Future of Access Control: A Seamless Blend of Security and Digital Transformation

Future of Access Control: A Seamless Blend of Security and Digital Transformation

In an exclusive interview with Industrial Automation Asia, Prabhuraj Patil, Commercial Director, Physical Access Control Solutions, ASEAN & India Subcontinent, HID, delves into the company’s innovative strategies for enhancing digital transformation across various industries. From pioneering mobile and cloud technologies to fortifying the aviation sector’s development in partnership with CATC, HID is at the forefront of securing the digital age. Patil also sheds light on HID’s proactive approach to navigating the challenges of a rapidly evolving technological landscape, ensuring operational efficiency and comprehensive security in connected workplaces and public spaces.


  1. Can you elaborate on HID’s commitment to assisting customers in accelerating digital transformation across various industries, particularly in the context of the partnership with CATC and its alignment with Thailand’s government focus on aviation industry development?
  • At HID, we are passionate about the power of verified, trusted identities to help people get where they need to go and achieve what they want to do. Along with our partners, we’re pioneering the hardware, software and services that allow people to navigate the physical and digital worlds with confidence.
  • We work with governments, educational institutions, industrial businesses, and some of the most innovative companies on the planet to future-proof their security solutions in the wake of accelerating digital transformation.
  • As the trusted market leader in access control and identity solutions, we instill enduring confidence because we make an unsurpassed investment in innovation, offering the most secure technologies with unparalleled product quality. Beyond that, we also possess the largest global ecosystem of strategic partners to support our customers’ needs now and well into the future.
  • Furthermore, we make significant investments in mobile access and cloud technologies to ensure our strategic initiatives align with our commitment to delivering innovative solutions and enhancing the overall experience for our customers. As part of this commitment, we have recently expanded our team with the addition of key professionals, reinforcing our dedication to staying at the forefront of industry trends.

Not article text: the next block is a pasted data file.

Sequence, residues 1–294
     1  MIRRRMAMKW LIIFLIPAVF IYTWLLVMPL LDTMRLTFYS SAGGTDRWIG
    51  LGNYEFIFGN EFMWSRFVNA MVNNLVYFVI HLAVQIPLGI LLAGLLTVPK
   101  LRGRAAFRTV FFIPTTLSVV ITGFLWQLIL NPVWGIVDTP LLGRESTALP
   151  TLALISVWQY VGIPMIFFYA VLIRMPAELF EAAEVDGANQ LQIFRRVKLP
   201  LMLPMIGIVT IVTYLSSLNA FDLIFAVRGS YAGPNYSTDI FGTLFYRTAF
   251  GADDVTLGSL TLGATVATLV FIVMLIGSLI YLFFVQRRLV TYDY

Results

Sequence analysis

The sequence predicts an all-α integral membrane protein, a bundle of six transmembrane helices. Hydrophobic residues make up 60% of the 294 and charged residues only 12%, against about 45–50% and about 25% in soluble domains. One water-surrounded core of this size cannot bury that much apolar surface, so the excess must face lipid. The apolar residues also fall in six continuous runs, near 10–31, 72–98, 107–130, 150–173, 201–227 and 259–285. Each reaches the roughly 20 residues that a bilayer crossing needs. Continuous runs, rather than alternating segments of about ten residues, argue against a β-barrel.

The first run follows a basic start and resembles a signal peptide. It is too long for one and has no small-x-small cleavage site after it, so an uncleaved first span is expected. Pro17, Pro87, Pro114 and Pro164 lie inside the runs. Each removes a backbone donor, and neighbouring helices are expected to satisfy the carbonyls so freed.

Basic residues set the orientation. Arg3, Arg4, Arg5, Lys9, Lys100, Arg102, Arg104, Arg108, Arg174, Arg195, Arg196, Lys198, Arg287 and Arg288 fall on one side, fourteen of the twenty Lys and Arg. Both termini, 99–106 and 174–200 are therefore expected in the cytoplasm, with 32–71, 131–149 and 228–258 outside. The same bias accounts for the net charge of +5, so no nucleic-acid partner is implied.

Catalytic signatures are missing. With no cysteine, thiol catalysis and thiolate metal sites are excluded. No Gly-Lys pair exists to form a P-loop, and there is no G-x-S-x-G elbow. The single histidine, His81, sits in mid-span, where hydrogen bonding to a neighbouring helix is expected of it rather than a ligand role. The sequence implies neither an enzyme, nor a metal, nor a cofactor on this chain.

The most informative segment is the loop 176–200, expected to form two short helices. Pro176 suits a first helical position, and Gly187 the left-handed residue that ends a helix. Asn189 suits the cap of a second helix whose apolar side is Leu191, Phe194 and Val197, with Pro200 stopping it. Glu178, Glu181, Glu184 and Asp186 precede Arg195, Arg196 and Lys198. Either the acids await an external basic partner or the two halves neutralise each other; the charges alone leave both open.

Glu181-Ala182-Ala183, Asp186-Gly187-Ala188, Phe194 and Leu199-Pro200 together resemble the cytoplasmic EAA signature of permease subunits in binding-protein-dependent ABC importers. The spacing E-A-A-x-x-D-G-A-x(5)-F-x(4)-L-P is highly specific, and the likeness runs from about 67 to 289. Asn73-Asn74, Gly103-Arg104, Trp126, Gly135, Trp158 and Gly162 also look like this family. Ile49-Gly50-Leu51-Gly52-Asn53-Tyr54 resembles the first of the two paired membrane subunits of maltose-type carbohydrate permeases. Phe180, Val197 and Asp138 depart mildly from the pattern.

1. In the rapidly evolving landscape of mobile consumption habits in the region, what challenges do you foresee in the digital transformation of physical security, and how is HID positioned to address these challenges?
  • We recognize that mobile consumption habits are evolving rapidly, leading to an increased reliance on smartphones for various activities. There’s been a greater push than ever to make access control mobile. Having an access control credential on one’s smartphone or wearable device delivers on the top requests of consumers today
  • This shift poses challenges in integrating physical security systems with mobile devices seamlessly. The increasing want for convenience should not be at the expense of other security goals and initiatives. There is therefore an increasing need to bridge the gap between security and convenience.
  • To that end, we’ve developed solutions that support the widest variety of mobile devices in the industry today and work seamlessly with Apple- and Android-based operating systems and mobile wallets. Powered by Seos, a software-based and form factor agnostic credential technology, to deliver the highest levels of security for access control. Internationally accredited, this system is the world’s best-known standard for information security management systems that incorporate data protection and cyber resilience.
  • Our Mobile Access Solutions allow organizations to meet the growing demands of a mobile-first world. Leveraging Seos as its underlying credential technology, HID Mobile Access can significantly increase convenience, boost efficiency and maximize security.
  • Another big challenge is around accelerating mobile adoption, namely in light of shifting security budgets and priorities. One of the key requirements is for PACS systems to be upgraded so that they are mobile-capable. There are also some industries, like airports and hospitals, where physical badges are required, making mobile adoption in these industries more difficult.
  • Based on our 2024 State of Security and Identity report, our industry partners highlighted that their customers face several hurdles including existing reliance on legacy/on-prem equipment (28%) and lack of budget (24%).

  1. Could you share some specific quantitative and qualitative results or success stories stemming from the implementation of HID’s access control solution at CATC’s campus? How has this contributed to enhancing security and operational efficiency?